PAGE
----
Eighteen years after Rolling Stone magazine panned his new “Dark Horse” album as “transcendental mediocrity,” George Harrison was still upset about the review.
A scheduled 1992 photo shoot for Rolling Stone’s 25th anniversary issue almost did not go ahead because of bad feelings, chief photographer Mark Seliger recalls in a special edition devoted solely to the late former Beatle.
But Rolling Stone reentered Harrison’s good graces when Seliger brought along some ukuleles, on the advice of Tom Petty. Harrison picked up one of the instruments and played Hawaiian ballads for 20 minutes, while Seliger clicked away.
A previously unpublished photo from the session accompanies Seliger’s anecdote in the 96-page issue, which hit news stands on Dec. 7, eight days after Harrison died of cancer in Los Angeles.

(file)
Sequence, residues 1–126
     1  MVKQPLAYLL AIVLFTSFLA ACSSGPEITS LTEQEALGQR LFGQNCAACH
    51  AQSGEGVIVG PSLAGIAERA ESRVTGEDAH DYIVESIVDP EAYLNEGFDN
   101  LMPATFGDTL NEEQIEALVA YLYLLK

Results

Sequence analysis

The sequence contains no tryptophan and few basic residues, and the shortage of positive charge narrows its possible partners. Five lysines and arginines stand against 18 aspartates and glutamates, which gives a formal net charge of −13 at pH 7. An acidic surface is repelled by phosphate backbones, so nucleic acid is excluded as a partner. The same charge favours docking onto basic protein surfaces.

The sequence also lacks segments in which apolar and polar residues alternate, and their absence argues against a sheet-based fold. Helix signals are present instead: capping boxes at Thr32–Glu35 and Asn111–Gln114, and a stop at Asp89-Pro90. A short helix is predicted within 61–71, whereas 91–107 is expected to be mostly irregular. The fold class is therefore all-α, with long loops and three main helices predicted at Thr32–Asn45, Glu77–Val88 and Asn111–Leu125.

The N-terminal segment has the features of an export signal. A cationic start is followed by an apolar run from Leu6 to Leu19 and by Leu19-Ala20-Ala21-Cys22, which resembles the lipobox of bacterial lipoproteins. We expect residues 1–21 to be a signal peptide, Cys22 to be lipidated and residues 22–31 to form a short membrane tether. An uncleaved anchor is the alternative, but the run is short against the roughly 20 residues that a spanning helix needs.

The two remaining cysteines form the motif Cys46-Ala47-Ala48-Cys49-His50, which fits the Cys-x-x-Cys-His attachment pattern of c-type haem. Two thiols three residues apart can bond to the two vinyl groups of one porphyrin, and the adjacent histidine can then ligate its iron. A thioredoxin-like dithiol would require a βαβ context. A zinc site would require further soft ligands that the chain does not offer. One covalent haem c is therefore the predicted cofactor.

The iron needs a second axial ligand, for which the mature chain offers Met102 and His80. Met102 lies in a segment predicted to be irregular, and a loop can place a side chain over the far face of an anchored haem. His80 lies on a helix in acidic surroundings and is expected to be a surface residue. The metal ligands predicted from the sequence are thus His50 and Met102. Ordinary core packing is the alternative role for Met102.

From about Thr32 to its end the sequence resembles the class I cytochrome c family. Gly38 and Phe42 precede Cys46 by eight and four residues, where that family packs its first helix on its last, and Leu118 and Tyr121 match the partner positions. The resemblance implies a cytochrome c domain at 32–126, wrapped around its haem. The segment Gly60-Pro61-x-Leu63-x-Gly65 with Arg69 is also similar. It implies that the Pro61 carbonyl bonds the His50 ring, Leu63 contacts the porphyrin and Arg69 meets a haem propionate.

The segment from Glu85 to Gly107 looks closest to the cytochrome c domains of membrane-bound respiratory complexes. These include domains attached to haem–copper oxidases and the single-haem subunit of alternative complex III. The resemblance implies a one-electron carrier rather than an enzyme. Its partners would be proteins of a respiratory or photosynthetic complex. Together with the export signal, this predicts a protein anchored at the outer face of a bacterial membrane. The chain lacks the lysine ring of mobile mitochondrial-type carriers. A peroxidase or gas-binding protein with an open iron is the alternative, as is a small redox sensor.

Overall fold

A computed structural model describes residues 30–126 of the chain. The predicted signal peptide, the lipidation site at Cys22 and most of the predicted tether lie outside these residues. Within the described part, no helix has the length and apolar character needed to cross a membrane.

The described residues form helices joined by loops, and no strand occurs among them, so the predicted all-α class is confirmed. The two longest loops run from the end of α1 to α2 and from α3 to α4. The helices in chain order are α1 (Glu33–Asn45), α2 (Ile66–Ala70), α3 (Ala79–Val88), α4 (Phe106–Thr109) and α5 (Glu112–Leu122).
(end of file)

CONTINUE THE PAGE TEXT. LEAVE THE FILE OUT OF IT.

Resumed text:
The ad-free edition is the first tribute published by Rolling Stone in its 34-year history. The magazine printed 450,000 copies, with a $4.95 cover price.
Included are a Mikal Gilmore essay on Harrison, a photo section, reprints of key Harrison interviews, an analysis of Harrison’s movie career, a discography and song review.
Not surprisingly, the magazine now takes a gentler stance on “Dark Horse,” which was Harrison’s fifth solo album. Gilmore opined that “today it stands up as one of Harrison’s most fascinating works.”